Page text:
Warrantless Searches and Arrests

Warrantless arrests or searches are legal provided that probable cause exists and that the activity—in light of the individual’s expectation of privacy—was reasonable. For example, a person selling drugs in a public park cannot have a reasonable expectation of privacy. A warrantless arrest of this person on the spot, or a warrantless seizure of the drugs would be permissible because, obviously, possessing drugs in public creates a reasonable belief that the person has committed a crime (probable cause). (To read about an instance in which officers need neither a warrant nor probable cause, see Invalid Police Searches and the Good Faith Exception.)

In general, the following types of warrantless activity are permitted:

  • Searches following arrests. A police officer who makes a legitimate arrest has the right to search (referred to as “incident to arrest”) both the suspect and the immediate area in which the arrest takes place.
  • Seizure of material in plain view. Officers may seize evidence of a crime and contraband when they are openly visible from a place where the officer has a right to be. So, if you permit an officer to enter your house where contraband is in plain view, the officer can seize it and arrest you. Technically, these seizures are not preceded by a search, because the material is in plain view.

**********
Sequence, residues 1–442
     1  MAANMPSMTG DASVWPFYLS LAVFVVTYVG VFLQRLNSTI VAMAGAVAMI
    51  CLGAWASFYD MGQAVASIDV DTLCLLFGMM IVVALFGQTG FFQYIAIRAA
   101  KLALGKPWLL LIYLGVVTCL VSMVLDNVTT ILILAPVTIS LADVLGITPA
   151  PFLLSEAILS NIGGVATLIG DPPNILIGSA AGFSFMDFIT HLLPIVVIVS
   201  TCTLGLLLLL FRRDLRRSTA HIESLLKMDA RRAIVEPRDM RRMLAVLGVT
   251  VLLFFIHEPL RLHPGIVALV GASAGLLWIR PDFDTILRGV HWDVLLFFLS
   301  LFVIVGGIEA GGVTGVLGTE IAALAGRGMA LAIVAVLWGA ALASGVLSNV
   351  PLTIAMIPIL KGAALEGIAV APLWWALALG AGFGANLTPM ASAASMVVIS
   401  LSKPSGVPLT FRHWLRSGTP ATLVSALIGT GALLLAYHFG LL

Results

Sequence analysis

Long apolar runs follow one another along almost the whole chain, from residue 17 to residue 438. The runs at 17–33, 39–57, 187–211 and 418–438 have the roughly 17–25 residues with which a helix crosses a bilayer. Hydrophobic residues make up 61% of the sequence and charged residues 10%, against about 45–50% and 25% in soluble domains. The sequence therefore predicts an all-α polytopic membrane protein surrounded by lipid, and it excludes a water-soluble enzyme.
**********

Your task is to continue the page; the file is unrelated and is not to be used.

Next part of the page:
• Urgent situations. Warrantless searches are usually permitted when there is a strong possibility that evidence of a serious crime will be destroyed or that a suspect will avoid capture.
  • Inmate searches. Inmates have no reasonable expectation of privacy in their cells. Prison officials can conduct warrantless searches of prisoners and cells, so long as they have a reasonable basis to do so.

What Happens if a Search is Determined to be Unreasonable?

If a search is unreasonable (as in the case of Antoine Jones, discussed above), the evidence obtained as result of the search cannot be used against the defendant (known as the “exclusionary rule”). In addition, the defendant may have grounds to sue the police in civil court—a difficult proposition—in cases of false arrest or illegal searches.

Modern Trends

Over the years, the exclusionary rule has been criticized and to some extent limited, because of concerns over public safety and that criminals are being set free as a result of police errors. The modern trend in past decades has been to give the police more latitude when making judgments. For example, police in many instances need only have a reasonable suspicion (a lower standard than probable cause) of criminal activity in order to detain and frisk an individual. And not even a reasonable suspicion is required for searches based upon sniffer dog responses (a sniffer dog detects drugs at an airport) or at sobriety checkpoints.